Norman Regional Nurse Lung Navigator Sherri Jo Johnson, RN and Phillip Mobbs, manager of diagnostic imaging services are helping people breathe a little easier with the health system offering a new, affordable, low-dose screening exam.

by Bobby Anderson, Staff Writer

Norman Regional Health System Lung Navigator Sherri Jo Johnson, RN, is a cancer survivor.
That trauma is permanently ingrained in her mind as well as her DNA.
So she wants to do everything possible to make sure that everyone she reaches has a fighting chance against cancer.
It’s a major reason why she’s involved in the health system’s new low-dose CT lung scan program.
Phillip Dobbs is the manager of diagnostic imaging services and a key player in the new screening.
Dobbs explained that the screening tool reduces the amount of radiation to the patient versus a normal chest CT by 90 percent.
“But the protocol we use we are able to detect even the smallest nodules down to just a few millimeters,” Dobbs said. “The radiologist can look at that and only about five percent of nodules end up being cancerous.”
The peace of mind that monitoring carries with it is worth its weight in goal.
“Six months after any scan I’m fantastic,” Johnson says of her mindset while she’s in remission.
The program has been under development for two years.
The screenings involve pathologists, radiologists, oncologists, a nurse navigator, and thoracic surgery.
“A lot of people have to be at the table,” Mobbs said.
But the whole process can begin simply with a phone call to make an appointment to come in. No referrals are required. No insurance is billed with a cost of $79.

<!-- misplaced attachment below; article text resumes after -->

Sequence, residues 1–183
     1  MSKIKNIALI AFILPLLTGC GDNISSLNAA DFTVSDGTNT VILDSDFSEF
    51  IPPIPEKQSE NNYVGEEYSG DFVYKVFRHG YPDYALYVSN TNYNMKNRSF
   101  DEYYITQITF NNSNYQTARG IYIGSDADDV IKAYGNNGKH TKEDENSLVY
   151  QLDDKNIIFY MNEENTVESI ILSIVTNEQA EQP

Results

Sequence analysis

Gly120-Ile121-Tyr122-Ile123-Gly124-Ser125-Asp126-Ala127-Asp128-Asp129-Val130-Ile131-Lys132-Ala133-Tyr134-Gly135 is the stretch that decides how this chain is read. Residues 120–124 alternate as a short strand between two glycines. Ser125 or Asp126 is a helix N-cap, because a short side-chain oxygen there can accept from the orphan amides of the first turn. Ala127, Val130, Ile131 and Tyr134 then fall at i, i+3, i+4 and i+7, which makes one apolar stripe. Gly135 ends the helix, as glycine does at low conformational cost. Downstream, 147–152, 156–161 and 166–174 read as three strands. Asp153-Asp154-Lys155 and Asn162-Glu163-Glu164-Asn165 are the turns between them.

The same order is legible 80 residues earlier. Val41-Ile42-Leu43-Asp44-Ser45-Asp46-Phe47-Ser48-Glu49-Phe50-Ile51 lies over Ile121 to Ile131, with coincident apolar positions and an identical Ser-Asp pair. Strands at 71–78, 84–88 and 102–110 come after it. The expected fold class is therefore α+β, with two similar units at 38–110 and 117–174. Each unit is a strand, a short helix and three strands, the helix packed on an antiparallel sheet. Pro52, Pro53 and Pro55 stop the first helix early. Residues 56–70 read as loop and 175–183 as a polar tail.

After the test is done, the results go to Johnson. Based on a radiological assessment scale Johnson can determine if the patient needs to return at three months, six months, 12 months or needs to progress faster.
“I put it into my system and I’m virtually you’re reminder,” Johnson said. “If you are intentionally coming in to get it done you’re a lot easier to track because you’re actually wanting us to watch this for you.”
Monitoring is power, especially when dealing with lung cancer.
“Most cancers are found in Stages III and IV when we don’t have very many opportunities to do anything about it.”
Johnson said often cancers that are found in the later stages are accompanied by previous CT scans when the patient or provider failed to follow up on nodules that were noted.
“Whenever it’s brought to them in a nonchalant way it doesn’t have the same importance,” Johnson said.
Johnson says anyone who is a previous smoker, spouse of a smoker or anyone who has been around second-hand smoke for an extended period of time needs to have a scan done.
Lung cancer is by far the leading cause of cancer death among both men and women; about 1 out of 4 cancer deaths are from lung cancer.
According to the American Cancer Society, each year, more people die of lung cancer than of colon, breast, and prostate cancers combined.
Lung cancer mainly occurs in older people. About 2 out of 3 people diagnosed with lung cancer are 65 or older, while less than 2% are younger than 45. The average age at the time of diagnosis is about 70.
Overall, the chance that a man will develop lung cancer in his lifetime is about 1 in 14; for a woman, the risk is about 1 in 17. These numbers include both smokers and non-smokers. For smokers the risk is much higher,
Black men are about 20% more likely to develop lung cancer than white men. The rate is about 10% lower in black women than in white women. Both black and white women have lower rates than men, but the gap is closing.
The lung cancer rate has been dropping among men over the past few decades, but only for about the last decade in women.
Statistics on survival in people with lung cancer vary depending on the stage (extent) of the cancer when it is diagnosed.
Despite the very serious prognosis of lung cancer, some people with earlier stage cancers are cured. More than 430,000 people alive today have been diagnosed with lung cancer at some point. The American Lung Association is trying to draw more attention to early screening because one reason why lung cancer is so serious is because by the time you have symptoms, it may already have spread and become more difficult to treat.
The Association cites a study that between a chest x-ray, sputum cytology and low-dose CT scans, only the low-dose CT (LDCT) scan reduced the risk of dying from lung cancer in high-risk populations.